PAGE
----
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We are Wasting Our Autogas Infrastructure

We are Wasting Our Autogas Infrastructure?

It’s easy to imagine a situation with cars but no fuel.

But how could it possibly come to pass that one country would have a well-established LPG infrastructure but no new cars to use it?

A Perplexing Problem

While many countries are currently working to build up their autogas infrastructure, a lack of LPG cars is not a problem.

In a perplexing reversal, Australia has world class autogas infrastructure but no one is selling LPG cars to take advantage of it?

In fact, there are a number of reasons why this makes absolutely no sense at all:

1. Vehicle supply void

2. Ample autogas infrastructure

3. Self-sufficient in LPG

4. DOM capable facilities available

5. Established and stable national autogas standards

6. Trained support personnel and training facilities

7. Favourable tax treatment

8. Attractive price differential

9. Missed marketing opportunity

Vehicle Supply Void

Based on the status quo, within about 2 years there will be no new OEM LPG cars available to purchase in Australia.

The current limited offer will vanish when Ford and Holden cease all manufacturing in Australia.

Currently, there are also no DOM (Delayed Original Manufacturing) cars available.

Even now the current Ford and Holden LPG models are limited to full size vehicles, like the Falcon and Commodore.  These are both excellent cars.

However, consumers are no longer buying full size cars the way they once did.

There are no new OEM or DOM LPG 4-cylinder cars available in Australia.

Ample Autogas Infrastructure

Australia has one of the most established autogas supply networks of any country.

With a population of only 23.5 million and over 3,000 autogas outlets, it would have to be one of the best supplied countries in the world, on a per capita basis.

Self-Sufficient in LPG

Australia is a net exporter of LPG.

Most of the LPG is sourced from substantial in-ground gas reserves, being separated from the produced natural gas stream after extraction.

Upstream infrastructure is also well established.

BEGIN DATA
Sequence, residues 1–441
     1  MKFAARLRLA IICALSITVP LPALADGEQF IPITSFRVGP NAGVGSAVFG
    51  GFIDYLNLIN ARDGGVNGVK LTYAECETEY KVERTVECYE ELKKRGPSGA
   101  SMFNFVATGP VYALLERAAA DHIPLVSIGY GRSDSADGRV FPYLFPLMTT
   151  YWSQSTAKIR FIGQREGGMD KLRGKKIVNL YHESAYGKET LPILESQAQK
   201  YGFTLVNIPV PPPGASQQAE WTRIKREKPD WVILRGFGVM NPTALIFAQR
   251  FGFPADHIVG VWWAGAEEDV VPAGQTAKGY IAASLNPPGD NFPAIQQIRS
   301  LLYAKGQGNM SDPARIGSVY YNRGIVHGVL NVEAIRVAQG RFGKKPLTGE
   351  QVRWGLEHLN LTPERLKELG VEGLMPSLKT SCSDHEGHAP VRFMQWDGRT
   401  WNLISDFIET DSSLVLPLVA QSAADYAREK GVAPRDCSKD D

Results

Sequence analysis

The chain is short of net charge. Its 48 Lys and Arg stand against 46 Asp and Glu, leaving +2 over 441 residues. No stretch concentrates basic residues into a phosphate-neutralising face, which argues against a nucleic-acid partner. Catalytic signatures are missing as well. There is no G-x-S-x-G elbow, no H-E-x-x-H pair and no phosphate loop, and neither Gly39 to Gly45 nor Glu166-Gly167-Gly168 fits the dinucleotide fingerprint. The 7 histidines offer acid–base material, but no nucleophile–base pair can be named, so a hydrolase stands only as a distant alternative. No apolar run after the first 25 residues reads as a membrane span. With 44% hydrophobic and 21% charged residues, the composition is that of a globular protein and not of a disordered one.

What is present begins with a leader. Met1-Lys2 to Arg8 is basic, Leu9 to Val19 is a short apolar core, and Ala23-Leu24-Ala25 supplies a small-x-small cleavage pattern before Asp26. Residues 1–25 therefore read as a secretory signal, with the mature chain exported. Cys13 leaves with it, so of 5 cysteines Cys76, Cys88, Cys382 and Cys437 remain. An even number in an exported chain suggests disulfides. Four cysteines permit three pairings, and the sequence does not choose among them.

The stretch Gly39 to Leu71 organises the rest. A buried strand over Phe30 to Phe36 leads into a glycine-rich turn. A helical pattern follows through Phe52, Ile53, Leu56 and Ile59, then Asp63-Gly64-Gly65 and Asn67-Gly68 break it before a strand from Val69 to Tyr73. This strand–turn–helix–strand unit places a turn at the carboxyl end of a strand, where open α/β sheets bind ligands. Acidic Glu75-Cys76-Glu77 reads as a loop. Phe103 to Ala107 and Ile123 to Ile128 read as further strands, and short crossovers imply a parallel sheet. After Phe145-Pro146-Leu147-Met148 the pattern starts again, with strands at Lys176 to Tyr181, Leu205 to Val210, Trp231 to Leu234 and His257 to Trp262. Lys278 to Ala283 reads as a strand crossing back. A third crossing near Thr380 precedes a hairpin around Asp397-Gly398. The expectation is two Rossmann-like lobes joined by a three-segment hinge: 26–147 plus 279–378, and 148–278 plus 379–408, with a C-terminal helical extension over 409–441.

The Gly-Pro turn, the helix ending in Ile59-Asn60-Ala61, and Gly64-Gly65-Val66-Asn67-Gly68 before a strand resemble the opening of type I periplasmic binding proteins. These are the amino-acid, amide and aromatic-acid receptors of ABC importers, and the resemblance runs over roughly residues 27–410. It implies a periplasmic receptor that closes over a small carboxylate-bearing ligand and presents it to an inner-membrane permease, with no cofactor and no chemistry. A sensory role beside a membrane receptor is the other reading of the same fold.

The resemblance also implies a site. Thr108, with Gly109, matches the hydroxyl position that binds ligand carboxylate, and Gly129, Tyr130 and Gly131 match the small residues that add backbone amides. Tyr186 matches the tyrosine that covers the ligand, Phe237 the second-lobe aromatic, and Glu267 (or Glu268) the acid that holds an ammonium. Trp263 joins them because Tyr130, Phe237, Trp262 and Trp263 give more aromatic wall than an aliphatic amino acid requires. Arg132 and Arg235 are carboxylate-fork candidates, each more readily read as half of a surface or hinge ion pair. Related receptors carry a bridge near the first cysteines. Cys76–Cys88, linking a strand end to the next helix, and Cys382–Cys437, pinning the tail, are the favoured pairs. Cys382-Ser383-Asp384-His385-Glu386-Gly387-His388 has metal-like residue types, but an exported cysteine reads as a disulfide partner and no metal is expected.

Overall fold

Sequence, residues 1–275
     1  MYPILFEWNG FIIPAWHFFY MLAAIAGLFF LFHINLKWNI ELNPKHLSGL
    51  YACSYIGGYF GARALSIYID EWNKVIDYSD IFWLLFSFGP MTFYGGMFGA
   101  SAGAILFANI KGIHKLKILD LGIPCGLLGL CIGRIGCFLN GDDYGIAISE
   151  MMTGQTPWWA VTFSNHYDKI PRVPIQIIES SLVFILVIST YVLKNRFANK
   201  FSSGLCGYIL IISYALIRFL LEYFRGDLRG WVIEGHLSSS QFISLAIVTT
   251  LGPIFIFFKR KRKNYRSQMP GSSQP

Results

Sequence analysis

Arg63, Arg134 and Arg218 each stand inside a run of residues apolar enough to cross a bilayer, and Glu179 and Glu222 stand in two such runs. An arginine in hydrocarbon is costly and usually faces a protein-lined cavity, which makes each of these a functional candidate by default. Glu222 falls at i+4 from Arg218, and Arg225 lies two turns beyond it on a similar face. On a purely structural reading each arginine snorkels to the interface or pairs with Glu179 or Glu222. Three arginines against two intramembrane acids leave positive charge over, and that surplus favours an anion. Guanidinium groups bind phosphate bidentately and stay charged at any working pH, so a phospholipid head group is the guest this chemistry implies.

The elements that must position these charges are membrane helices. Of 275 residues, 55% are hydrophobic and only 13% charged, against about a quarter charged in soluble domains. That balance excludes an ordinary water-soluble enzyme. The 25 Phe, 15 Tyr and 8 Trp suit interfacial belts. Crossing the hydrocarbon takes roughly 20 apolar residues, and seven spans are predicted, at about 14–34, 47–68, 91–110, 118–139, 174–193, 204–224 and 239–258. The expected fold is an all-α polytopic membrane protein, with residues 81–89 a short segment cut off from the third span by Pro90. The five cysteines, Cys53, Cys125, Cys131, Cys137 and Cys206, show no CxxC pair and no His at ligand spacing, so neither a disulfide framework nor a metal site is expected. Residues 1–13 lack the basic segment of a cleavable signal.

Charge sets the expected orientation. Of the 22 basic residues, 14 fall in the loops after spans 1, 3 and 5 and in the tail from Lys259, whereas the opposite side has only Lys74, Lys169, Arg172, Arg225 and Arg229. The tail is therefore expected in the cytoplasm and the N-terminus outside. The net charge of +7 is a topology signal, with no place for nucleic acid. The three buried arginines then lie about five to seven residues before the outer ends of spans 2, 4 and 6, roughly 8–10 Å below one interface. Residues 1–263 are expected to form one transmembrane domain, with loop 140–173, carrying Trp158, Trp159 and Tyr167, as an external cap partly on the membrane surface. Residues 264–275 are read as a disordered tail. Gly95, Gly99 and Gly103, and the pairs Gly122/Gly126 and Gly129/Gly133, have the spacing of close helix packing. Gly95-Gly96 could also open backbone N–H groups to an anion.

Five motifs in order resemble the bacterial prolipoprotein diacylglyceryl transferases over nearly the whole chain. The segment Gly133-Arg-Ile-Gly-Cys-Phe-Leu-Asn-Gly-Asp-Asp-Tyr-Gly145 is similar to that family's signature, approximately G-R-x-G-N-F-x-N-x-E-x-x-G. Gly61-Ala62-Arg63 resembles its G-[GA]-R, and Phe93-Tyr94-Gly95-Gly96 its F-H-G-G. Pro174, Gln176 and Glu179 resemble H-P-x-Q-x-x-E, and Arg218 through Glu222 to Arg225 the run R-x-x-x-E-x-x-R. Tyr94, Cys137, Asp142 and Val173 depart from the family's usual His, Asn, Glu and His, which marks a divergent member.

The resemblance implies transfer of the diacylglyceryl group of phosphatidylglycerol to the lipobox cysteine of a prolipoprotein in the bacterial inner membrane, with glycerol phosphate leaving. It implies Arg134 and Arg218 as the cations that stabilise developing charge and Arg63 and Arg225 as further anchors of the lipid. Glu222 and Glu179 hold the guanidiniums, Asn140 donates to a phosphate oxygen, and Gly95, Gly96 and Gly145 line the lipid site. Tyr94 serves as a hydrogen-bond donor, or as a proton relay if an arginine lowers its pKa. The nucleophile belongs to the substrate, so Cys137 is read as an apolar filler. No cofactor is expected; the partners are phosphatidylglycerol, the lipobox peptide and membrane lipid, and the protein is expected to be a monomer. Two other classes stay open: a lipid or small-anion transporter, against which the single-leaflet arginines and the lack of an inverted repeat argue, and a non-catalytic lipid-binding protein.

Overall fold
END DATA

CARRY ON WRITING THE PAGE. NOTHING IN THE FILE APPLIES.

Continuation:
In addition to the gas pipelines, there are import and export facilities and an extensive bulk storage network.

DOM Capable Facilities Available

Australia already has small scale DOM (Delayed Original Manufacturing) capable facilities available.

The DOM option would be one way to fast-track entry into the Australian market, using DOM on a transitional or permanent basis.

This knowledge and capability would further reduce the time to market.

Established and Stable National Autogas Standards

There are no issues with having to deal with moving targets when it comes to standards and testing.

The autogas market in Australia is mature and the standards are stable.

Australian Standard AS/NZS 1425 covers specifications, installation and maintenance.

Emission testing is also applicable, with testing in accordance with either the ADR 79/00 Type I test or the IM240 exhaust emissions test.

Trained Support Personnel and Training Facilities

Autogas technicians must be trained and licensed to work on a LPG vehicles in Australia.

TAFE (technical and further education) government run technical schools provide the required training.

Thanks to an extensive aftermarket network, there is an ample supply of qualified and licensed technicians to support a large LPG vehicle population.

Do-It-Yourself (DIY) conversions are illegal in Australia.

Favourable Tax Treatment

Autogas receives favourable tax treatment in Australia.

The current excise tax rate for autogas, as of 3/8/2020 is A$0.138.

In contrast, the excise tax on gasoline and diesel is A$0.392, which is more than 3X the current autogas tax.

So, the taxation on autogas is still less than one third that of gasoline or diesel.

Attractive Price Differential

Petrol (gasoline) pricing in Australia follows an unusual price cycle.

Over time this range varies with international benchmark prices.

Diesel prices do not follow the petrol cycle.

They are relatively stable, albeit at an average price close to the high price or petrol for the same comparable period.

Diesel would also vary with international benchmark pricing.

Autogas prices are also not part of the petrol price cycle.

Over time, LPG pricing roughly follows the Saudi Contract Price benchmark.

So, on average the price of LPG is currently about 60% that of either petrol or diesel.

Missed Marketing Opportunity

How can it be that a major marketing niche goes unfilled?

Automobile manufacturers and importers are clearly missing a marketing opportunity.

It is said the nature abhors a void.

It is time for LPG car manufacturers to do the natural thing and supply this unsupplied market.

Australian consumers and the manufacturers would both benefit from this initiative.



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The information in this article is derived from various sources and is believed to be correct at the time of publication. However, the information may not be error free and may not be applicable in all circumstances.